Monday, October 28, 2019

Trick or Trailers: The Hills Have Eyes (2006)

I'm waiting for the day - surely in the not-too-distant future - when some horror fan born around '93 or so will write a book about the Golden Age of Horror as being from 2003 to 2007. You might find that an appalling - or at the very least absurd - thought but bear with me.

I don't think anyone would argue that the horror films that we see at an impressionable age are the ones that stay with us. That's just how it goes, right?

Being born in 1968, the years from '78 to '82 were my golden age for horror. The movies from those years are the ones that imprinted on me the most. I was old enough to see movies and understand them but yet young enough to not be jaded about them yet. It just so happens that those were very good years for horror by most objective standards but, at the time, there were also plenty of complaints from critics and adult fans about the slasher trend and the rise of splatter FX. It wasn't until fans of my generation got older that the virtues of, say, Friday the 13th or My Bloody Valentine were fully appreciated.

I think the mid-'00s are going to be a lot like that. Movies that may have seemed like forgettable junk to people my age are going to be revealed to have be defining movies for younger fans.

Which brings me to The Hills Have Eyes remake of 2006:

Boy, this movie is peak mid-'00s, isn't it?

That time just has an unmistakable vibe to it.

Everything seemed so hardcore then! Horror movies had been safe and tepid for so long all through the late '80s and the entire '90s and the 00's might well have continued on that same path but once 2003 came around with the Texas Chainsaw remake, Wrong Turn, Saw, Cabin Fever and House of 1,000 Corpses (I'm not saying all those movies are good, by the way, only that they came out around the same time!) it was like horror was suddenly back in the business of trying to hurt the audience again in a way it hadn't been in ages.

Was it due to our collective trauma from 9/11 and the Iraq War?

Maybe. Probably. I don't know. Your guess is as good as mine.

Point being, horror of the mid-'00s was all about being fucking gnarly and The Hills Have Eyes remake embraced and embodied that style.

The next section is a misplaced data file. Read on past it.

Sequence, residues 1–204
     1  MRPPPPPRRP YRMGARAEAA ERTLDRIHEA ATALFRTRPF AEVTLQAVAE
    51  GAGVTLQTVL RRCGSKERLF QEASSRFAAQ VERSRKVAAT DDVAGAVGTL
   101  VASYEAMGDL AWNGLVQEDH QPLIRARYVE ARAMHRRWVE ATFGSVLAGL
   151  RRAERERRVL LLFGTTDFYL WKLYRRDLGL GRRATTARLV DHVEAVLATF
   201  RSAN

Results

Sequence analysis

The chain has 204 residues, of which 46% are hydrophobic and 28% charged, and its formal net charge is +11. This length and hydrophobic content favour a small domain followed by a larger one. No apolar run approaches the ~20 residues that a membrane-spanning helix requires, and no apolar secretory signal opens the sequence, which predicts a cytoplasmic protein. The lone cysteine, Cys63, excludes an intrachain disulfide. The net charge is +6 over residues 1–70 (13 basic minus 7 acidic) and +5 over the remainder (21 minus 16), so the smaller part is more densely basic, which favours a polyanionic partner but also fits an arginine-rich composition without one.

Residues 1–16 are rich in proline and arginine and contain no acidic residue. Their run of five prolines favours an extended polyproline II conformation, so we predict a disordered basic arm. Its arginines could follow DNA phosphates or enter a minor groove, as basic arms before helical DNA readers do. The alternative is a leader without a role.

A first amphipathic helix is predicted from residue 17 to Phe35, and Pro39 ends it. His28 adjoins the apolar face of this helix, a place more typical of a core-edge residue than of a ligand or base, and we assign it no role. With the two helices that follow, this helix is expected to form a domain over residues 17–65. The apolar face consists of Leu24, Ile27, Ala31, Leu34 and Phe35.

Just as I have vivid memories of being traumatized by trailers and TV spots for slasher movies like He Knows You're Alone and Night School, I have to imagine the generation of kids who grew up in the '00s were convinced that every horror movie was a depraved orgy of violence.

How could they not be?

The generation before grew up with horror being jokey and semi-ironic. The horror films of the '00s, whatever their respective merits may be, wasn't about that. Movies like Hostel and The Hills Have Eyes were a long way from The Craft and Urban Legend.

Of course, like every trend, the appetite for torture porn faded out.

The Paranormal Activity films supplanted the Saw series as the big annual Halloween event and it was like the '00s had never happened. Kind of like when grunge got replaced by Britney Spears and 'N Sync.

When grunge was at its peak, no one thought music would ever go back to pop bullshit again but things can only stay so intense for so long, I guess. Sure, things aren't totally soft now. Some of that 00's vibe still lingers here and there but back then, it was like horror was on an united mission. There's no way the kids of that time don't think back to those days and say "man, remember when horror movies used to kick ass?"

That might seem silly to those who lived through that time as adults but, past a certain age, no one ever believes the time they're living through is going to be well-remembered. That's because the present always compares poorly to the memories of when we were younger.

You know, the good old days.


Timmy Crabcakes said...

I wonder if growing up with internet access won't subvert that sort of thing a bit... since kids will have access to pretty much all eras of everything.
Like, last weekend I was at a party and a pre-teen girl was telling me about watching Halloween, the original. She hadn't seen the more recent remakes or sequel. Another kid who I tutor was excited to play me a David Bowie song she'd just discovered on Youtube. It's all right there for them.
When I was a kid I heard about a lot of movies I had no way to watch... so I was stuck with old (good) stuff on TV or whatever I could get to the theater to see (not much). Such limitations are long gone, unless your looking for something really obscure.

Nice to read you again, by the way.

Jeff Allard said...

Thanks man! I don't know how the internet affects viewing habits as far as kids reaching back to older times. Certainly, the access is there in a way it wasn't before. It's crazy to me how my son can watch any movie he has an interest in through DVDs or streaming or YouTube. That's a long way from how I grew up in the '70s and '80s and had to wait for years to see certain films because they were out of circulation for one reason or another.

So the whole spectrum of movies, of every era, is open to young people now - if they have an interest in it. But yet I do think that people are naturally attached to the movies they grow up on. I always loved the Hammer and Universal classics, which were well before my time, but yet it's the movies that were released when I was a kid, the ones I saw in the theaters or on TV and followed the promos and reviews for as they were coming out, that I have a special affection for.

I have to imagine the horror era of the 00's, all advertised with aggressive, brutal imagery, didn't burrow into the brains of many young fans at the time. That wasn't my era for horror but I'll be interested to see how it's appreciated as time goes on by the fans who were of the right age to really be impacted by it.

Jeff Allard said...

*did burrow*!